The integration of existing on-board technologies and communication networks in a new automated and integrated way can improve the notification of road accidents or other emergencies, speeding up emergency service response and saving lives.
To date, some vehicle manufacturers and telematics service providers are already providing a proprietary vehicle emergency call service (eCall). However, there has so far been no common technical solution, and services do not (generally) offer roaming when abroad.
Procedures and arrangements further down the service chain to the network operator, thence to an emergency call centre and finally to the emergency service itself vary greatly from country to country, which is why E-MERGE was initiated to create a pan-European in-vehicle emergency system..
The overall aim of the E-MERGE project was to ensure the availability and functioning of vehicle based emergency call systems from any vehicle anywhere in Europe. The key objective was therefore to develop, test and validate common specifications for the vehicle emergency call at all levels in the vehicle emergency call chain and to investigate the technical, organisational and business structure for Europe-wide take-up of the solution.
The other main objectives were to remove current cross-border and language problems so as to have an interoperable solution covering the whole of Europe and including all European vehicle manufacturers.
In this setting, E-MERGE set out several targets:
- Secure higher quality of life and health for European citizens by ensuring that the vehicle Emergency call service works throughout Europe, not only limiting itself to the country of a potential selected service provider.
- Support existing European policy objectives with technological development of a common in-vehicle and central system for handling eCall’s when travelling across Europe and securing thus that Emergency call services is available for everybody, anywhere and at any time.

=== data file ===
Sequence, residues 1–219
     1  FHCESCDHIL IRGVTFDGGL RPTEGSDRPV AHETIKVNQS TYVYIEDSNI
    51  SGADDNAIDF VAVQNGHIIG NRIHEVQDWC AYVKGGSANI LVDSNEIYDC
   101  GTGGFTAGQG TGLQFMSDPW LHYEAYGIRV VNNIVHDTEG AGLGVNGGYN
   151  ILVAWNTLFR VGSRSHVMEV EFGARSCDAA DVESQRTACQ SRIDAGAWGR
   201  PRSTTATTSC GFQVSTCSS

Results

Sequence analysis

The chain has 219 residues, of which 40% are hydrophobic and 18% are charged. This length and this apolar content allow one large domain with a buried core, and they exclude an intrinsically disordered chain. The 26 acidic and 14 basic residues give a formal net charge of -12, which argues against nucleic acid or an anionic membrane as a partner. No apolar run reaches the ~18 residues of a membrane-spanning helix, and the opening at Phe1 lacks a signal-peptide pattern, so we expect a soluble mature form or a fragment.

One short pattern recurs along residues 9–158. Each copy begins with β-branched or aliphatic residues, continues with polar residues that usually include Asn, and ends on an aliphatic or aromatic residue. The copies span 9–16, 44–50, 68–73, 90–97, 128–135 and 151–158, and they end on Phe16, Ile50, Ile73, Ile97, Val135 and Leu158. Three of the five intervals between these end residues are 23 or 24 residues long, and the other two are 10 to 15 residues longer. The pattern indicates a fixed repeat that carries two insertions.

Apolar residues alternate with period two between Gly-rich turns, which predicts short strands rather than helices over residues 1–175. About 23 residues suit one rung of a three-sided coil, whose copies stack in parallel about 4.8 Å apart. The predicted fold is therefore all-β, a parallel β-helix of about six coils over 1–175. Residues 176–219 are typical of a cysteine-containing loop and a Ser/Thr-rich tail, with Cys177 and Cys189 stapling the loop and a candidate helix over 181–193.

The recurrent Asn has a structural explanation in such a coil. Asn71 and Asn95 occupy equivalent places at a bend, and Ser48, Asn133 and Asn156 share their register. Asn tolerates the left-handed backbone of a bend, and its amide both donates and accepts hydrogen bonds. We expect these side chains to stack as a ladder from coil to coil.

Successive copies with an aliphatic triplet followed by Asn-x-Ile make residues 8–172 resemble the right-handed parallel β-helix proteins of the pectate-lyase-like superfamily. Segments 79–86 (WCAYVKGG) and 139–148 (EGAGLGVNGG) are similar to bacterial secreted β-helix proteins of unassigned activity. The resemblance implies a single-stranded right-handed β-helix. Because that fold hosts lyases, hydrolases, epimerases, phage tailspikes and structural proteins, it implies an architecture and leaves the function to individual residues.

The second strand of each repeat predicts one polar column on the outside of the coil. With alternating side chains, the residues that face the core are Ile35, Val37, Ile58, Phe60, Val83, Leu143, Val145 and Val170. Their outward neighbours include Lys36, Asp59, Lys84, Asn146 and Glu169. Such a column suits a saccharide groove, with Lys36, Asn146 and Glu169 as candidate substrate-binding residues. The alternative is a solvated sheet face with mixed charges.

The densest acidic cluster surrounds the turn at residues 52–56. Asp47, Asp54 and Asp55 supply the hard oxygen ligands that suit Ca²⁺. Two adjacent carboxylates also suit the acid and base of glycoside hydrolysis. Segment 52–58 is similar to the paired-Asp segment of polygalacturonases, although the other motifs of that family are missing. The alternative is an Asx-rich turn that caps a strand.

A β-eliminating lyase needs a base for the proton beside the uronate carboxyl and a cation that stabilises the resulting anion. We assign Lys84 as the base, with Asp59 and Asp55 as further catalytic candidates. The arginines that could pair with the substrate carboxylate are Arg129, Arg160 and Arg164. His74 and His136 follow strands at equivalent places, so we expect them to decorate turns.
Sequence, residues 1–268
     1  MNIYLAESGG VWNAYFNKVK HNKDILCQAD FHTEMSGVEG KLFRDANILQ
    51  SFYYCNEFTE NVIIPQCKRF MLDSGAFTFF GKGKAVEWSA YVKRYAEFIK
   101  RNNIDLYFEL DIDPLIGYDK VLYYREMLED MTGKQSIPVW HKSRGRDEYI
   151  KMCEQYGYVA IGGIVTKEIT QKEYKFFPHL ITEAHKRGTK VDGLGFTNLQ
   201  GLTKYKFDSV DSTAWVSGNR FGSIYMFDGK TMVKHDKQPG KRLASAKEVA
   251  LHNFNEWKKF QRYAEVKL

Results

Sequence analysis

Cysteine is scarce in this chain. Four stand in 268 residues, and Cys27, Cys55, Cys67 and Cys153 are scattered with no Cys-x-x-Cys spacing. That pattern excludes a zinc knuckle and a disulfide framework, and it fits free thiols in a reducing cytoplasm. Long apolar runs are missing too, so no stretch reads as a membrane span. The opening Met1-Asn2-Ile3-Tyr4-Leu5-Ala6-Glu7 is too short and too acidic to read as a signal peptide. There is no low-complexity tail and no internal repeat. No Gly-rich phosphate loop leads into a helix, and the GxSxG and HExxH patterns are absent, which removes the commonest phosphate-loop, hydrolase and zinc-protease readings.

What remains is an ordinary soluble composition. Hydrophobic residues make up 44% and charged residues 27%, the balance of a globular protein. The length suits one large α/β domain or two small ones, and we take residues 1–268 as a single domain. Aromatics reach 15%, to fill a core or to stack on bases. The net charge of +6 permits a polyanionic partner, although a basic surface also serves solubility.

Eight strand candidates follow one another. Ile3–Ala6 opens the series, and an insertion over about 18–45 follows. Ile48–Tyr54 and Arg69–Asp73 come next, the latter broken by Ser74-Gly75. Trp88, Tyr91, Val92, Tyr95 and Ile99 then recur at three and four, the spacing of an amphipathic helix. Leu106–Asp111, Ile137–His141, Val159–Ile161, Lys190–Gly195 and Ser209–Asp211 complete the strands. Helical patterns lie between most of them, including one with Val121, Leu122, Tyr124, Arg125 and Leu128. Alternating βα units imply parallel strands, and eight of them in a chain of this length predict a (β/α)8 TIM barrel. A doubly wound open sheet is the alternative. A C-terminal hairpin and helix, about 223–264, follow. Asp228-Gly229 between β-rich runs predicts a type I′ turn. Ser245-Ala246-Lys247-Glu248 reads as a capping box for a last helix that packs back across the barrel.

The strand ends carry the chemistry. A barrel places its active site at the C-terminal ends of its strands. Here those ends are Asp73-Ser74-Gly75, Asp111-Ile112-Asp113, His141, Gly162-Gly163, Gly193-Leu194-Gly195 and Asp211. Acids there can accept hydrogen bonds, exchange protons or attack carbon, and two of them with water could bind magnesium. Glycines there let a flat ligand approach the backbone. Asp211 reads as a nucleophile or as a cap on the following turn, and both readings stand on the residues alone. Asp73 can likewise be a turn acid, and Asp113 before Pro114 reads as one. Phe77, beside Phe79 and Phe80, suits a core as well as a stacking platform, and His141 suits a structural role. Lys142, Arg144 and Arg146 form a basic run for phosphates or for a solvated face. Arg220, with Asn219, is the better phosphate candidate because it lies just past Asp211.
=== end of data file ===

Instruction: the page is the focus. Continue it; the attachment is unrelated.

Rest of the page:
- Enhance the user-friendliness of the information society by extending availability of eCall services in European countries;
- Create European added value for the vehicle manufacturers, Service Providers (SPs) and Public Safety Answering Points (PSAPs) with the establishment of a common European vehicle Emergency call application that opens the way for offering not only Emergency call services but also additional services like route information, interactivity with the driver e.g. simultaneous monitoring and high speed warnings.
Besides this, the project aims were to support existing European policy on casualty reduction by enabling the emergency services to get to the incident scene as soon as possible by using the most efficient itinerary and utilising the “Golden Hour” principle to achieve a reduction in the severity of casualties.
Here, it should be noted that a complete and working product/standard was not the scope of E-MERGE. The project aimed to deliver the concept for the in-vehicle eCall standard and to demonstrate the concept. With this in mind, this means that no validation is done in relation to whether E112 and/or the E-MERGE solution is covering every inch of Europe; whether E
The project was organised around 6 key activities:
- User Needs. This first step involved the definition of the system requirements and the creation of an E-Merge business plan. This Step was set up to define and investigate the functionalities based on a user point of view and all actors involved (Vehicle manufacturer, retrofit system manufacturer, eCall Service Centre, PSAP, emergency agencies, local authorities, Insurance companies, GSM providers etc.). The output gave the E-Merge project a unique set of user preferences and requirements ensuring a wanted and functional system.
- Specification of System. This involved the definition of the system's requirements. A generic system architecture was defined and site-specific options where chosen for the system definition and thereby gave the recommendations to reach a common optimal vehicle system specification. From this, a common architecture was defined for interface and interoperability amongst eCall service centres and between eCall service centres and PSAPs.
- System development. This step consisted in developing prototypes and defining potential necessary adaptations of technology and systems at the vehicle manufacturers, eCall Service centres and PSAPs/emergency agencies. This Step also compiled and developed eCall data and communication network for eCall service centres.
- Trials. Trials were conducted on test sites, each site carrying out site-specific management tasks such as implementing the E-Merge system and validated the interoperability. Trials were carried out in six different sites across Europe.